Skip to main content

Transforming the understanding
and treatment of mental illnesses.

Celebrating 75 Years! Learn More >>

HEAL Supplements to Improve the Treatment and Management of Common Co-Occurring Conditions and Suicide Risk in People Affected by the Opioid Crisis


Michael C. Freed, Ph.D., EMT-B
Division of Services and Intervention Research


In April 2018, the NIH launched the Helping to End Addiction Long-termSM Initiative, or HEALSM Initiative, an aggressive, trans-agency effort to speed scientific solutions to stem the national opioid public health crisis. In response to this initiative, the National Institute of Mental Health (NIMH), in partnership with other NIH Institutes and Offices, proposes to supplement relevant studies to improve the treatment and management of common co-occurring conditions and suicide risk in people affected by the opioid crisis.


In August 2019, the HEAL Initiative Multi-Disciplinary Working Group called for research studies that seek to improve the provision of care for people with common co-occurring conditions associated with the opioid crisis (e.g., people with mental health disorders, chronic pain, suicide risk, alcohol misuse/alcohol use disorder, and/or other substance use disorders). Clinicians in settings such as primary care routinely face patients with complex needs. Workflows and services need to be in place to help the modal patient, who often presents with some combination of treatable conditions, including opioid use disorder (OUD; or OUD risk), mental health conditions, suicide risk, chronic pain, alcohol use disorders, and other substance use disorders. Failure to adequately address co-occurring conditions may impede OUD treatment and increase OUD risk and other adverse outcomes such as suicide. A multi-pronged strategy that addresses co-occurring conditions may yield greater improvements in OUD outcomes as well as improved overall heath for treated individuals.

Supplements could enable investigators to evaluate the most effective OUD treatments, services, and prevention interventions for the significant number of people presenting with co-occurring mental health, pain, alcohol, and substance use conditions and who may also be at risk for suicide. NIH aims to support competitive supplements to improve the treatment and management of common co-occurring conditions and suicide risk in people affected by the opioid crisis. Supplement requests need not address all possible co-occurring conditions, but they must have clear and direct relevance to OUD and/or chronic pain.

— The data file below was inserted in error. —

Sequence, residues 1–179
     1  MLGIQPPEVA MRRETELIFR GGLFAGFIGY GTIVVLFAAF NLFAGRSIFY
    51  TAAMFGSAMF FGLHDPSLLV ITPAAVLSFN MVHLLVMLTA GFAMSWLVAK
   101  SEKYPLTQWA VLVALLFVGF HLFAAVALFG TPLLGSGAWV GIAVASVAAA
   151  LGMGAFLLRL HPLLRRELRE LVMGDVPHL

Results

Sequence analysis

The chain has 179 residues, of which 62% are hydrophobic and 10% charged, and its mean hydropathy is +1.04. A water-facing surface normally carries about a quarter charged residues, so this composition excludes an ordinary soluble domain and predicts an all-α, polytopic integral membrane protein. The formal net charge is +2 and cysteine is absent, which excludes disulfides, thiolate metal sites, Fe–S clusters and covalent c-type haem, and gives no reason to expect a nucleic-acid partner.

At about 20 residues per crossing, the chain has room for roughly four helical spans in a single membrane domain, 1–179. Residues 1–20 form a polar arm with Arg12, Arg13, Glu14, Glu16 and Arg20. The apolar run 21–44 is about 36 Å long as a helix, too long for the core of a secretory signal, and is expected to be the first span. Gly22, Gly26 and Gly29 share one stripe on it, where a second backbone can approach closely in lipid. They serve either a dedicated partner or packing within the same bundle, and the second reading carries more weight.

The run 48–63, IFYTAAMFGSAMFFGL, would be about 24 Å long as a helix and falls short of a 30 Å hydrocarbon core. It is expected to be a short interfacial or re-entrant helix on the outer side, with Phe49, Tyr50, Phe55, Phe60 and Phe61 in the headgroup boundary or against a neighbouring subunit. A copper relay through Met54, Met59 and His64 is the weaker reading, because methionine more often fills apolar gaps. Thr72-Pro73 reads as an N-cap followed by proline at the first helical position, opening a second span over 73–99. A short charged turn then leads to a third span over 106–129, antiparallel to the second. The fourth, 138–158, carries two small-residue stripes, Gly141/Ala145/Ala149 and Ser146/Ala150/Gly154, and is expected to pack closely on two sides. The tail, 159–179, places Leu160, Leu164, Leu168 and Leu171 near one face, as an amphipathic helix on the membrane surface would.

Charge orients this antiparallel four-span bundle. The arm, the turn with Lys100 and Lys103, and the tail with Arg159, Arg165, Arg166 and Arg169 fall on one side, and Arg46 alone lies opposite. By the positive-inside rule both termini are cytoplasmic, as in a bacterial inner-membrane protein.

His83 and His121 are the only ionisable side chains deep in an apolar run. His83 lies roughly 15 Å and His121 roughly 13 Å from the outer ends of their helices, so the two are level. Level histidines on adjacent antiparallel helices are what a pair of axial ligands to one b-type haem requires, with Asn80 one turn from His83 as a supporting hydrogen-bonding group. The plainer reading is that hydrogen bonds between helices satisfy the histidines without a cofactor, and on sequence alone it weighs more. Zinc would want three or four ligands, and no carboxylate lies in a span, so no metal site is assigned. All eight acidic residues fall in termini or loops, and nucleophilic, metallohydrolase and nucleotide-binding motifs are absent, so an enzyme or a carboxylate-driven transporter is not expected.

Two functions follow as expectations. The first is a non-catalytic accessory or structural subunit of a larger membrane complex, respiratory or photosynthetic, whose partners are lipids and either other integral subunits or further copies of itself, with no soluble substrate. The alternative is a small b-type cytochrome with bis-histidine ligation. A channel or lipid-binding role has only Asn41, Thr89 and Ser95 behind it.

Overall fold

High priority supplements will aim to:

  • Test and evaluate approaches to improve the treatment, management, and services for people with co-occurring conditions and suicide risk;
  • Examine the potential mechanisms through which co-occurring conditions impact service use (e.g., access, engagement), delivery/quality, and outcomes, in order to identify potentially targets for therapeutic and services intervention; and/or
  • Identify or validate putative change mechanisms that may account for secondary benefits of treatment (e.g., reduction of suicide risk following successful OUD treatment) and that can inform the development and testing of future prevention, treatment, or services interventions.